Corporate Constitutional Rights

Ron Fein is the legal director for Free Speech for People.  He recently wrote an opinion column decrying the argument that corporations have First Amendment rights.  But the column is simplistic and conclusory. Few argue that corporations should have all the constitutional rights of individuals just as few argue they should have no rights at all.

If you prefer a system in which corporations have no rights, then you shut down the economy.  With no rights, corporations could not enforce contracts, and governments could take their property without compensation.  I doubt Mr. Fein believes that is a good idea, and even if he does, he neglects to say so.  Doing otherwise would be poor salesmanship.

If we are to accord corporations some rights and not others, we ought to have a basis other than using the term “corporation” as an epithet and moving on.  Deciding what First-Amendment protections corporations should have is complex. In addressing that complexity, the first step is to separate two rights Mr. Fein lumps together: freedom of speech and freedom of religion.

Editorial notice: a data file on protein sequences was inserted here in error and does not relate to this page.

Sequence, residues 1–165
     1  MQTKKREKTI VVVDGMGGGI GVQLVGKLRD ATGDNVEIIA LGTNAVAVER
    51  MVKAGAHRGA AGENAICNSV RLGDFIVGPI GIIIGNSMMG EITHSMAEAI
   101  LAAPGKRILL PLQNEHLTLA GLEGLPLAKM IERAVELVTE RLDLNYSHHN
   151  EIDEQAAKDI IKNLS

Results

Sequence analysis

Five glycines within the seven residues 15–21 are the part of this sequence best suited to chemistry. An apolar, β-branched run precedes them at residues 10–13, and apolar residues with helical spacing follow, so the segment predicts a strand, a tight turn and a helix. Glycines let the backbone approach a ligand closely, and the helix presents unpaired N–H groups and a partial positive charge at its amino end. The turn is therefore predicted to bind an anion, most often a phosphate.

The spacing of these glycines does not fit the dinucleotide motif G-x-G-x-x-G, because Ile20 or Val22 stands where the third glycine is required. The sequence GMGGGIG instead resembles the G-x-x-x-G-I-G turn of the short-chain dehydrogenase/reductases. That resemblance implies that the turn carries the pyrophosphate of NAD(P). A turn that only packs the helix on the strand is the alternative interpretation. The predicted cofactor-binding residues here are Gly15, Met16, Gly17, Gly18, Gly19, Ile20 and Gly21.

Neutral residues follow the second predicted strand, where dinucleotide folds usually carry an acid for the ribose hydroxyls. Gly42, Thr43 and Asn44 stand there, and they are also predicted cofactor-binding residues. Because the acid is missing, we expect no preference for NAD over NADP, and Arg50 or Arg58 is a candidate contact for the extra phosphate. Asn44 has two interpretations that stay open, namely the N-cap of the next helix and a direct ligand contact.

Corporate freedom of speech is different from corporate freedom of religion. Government has long intertwined itself into the workings of the economy.  The intertwining accelerated at times, such as under Woodrow Wilson and Franklin Roosevelt, and slowed at others.  It always continued, however, and we are in a new period of acceleration under the current administration.  All participants in the economy naturally want some say in how the government affects them.